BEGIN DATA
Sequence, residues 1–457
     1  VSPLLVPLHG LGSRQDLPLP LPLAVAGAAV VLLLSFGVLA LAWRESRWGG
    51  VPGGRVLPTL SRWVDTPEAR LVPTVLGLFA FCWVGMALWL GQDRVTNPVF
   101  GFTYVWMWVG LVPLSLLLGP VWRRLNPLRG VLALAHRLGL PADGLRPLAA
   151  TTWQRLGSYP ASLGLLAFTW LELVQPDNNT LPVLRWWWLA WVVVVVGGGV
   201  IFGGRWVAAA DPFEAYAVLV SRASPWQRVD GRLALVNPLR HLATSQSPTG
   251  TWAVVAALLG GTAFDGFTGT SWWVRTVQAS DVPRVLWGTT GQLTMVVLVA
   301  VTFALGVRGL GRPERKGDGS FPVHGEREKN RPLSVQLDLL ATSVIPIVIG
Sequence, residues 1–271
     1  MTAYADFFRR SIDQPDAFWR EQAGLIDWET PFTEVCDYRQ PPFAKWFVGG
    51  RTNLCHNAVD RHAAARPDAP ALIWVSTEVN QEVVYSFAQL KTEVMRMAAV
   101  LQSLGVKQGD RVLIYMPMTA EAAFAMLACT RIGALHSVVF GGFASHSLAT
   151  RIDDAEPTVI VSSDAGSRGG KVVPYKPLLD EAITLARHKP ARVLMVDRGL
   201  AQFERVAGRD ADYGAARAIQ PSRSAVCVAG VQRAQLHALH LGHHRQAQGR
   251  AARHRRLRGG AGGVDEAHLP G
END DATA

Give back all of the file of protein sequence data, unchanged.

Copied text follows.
Sequence, residues 1–457
     1  VSPLLVPLHG LGSRQDLPLP LPLAVAGAAV VLLLSFGVLA LAWRESRWGG
    51  VPGGRVLPTL SRWVDTPEAR LVPTVLGLFA FCWVGMALWL GQDRVTNPVF
   101  GFTYVWMWVG LVPLSLLLGP VWRRLNPLRG VLALAHRLGL PADGLRPLAA
   151  TTWQRLGSYP ASLGLLAFTW LELVQPDNNT LPVLRWWWLA WVVVVVGGGV
   201  IFGGRWVAAA DPFEAYAVLV SRASPWQRVD GRLALVNPLR HLATSQSPTG
   251  TWAVVAALLG GTAFDGFTGT SWWVRTVQAS DVPRVLWGTT GQLTMVVLVA
   301  VTFALGVRGL GRPERKGDGS FPVHGEREKN RPLSVQLDLL ATSVIPIVIG
Sequence, residues 1–271
     1  MTAYADFFRR SIDQPDAFWR EQAGLIDWET PFTEVCDYRQ PPFAKWFVGG
    51  RTNLCHNAVD RHAAARPDAP ALIWVSTEVN QEVVYSFAQL KTEVMRMAAV
   101  LQSLGVKQGD RVLIYMPMTA EAAFAMLACT RIGALHSVVF GGFASHSLAT
   151  RIDDAEPTVI VSSDAGSRGG KVVPYKPLLD EAITLARHKP ARVLMVDRGL
   201  AQFERVAGRD ADYGAARAIQ PSRSAVCVAG VQRAQLHALH LGHHRQAQGR
   251  AARHRRLRGG AGGVDEAHLP G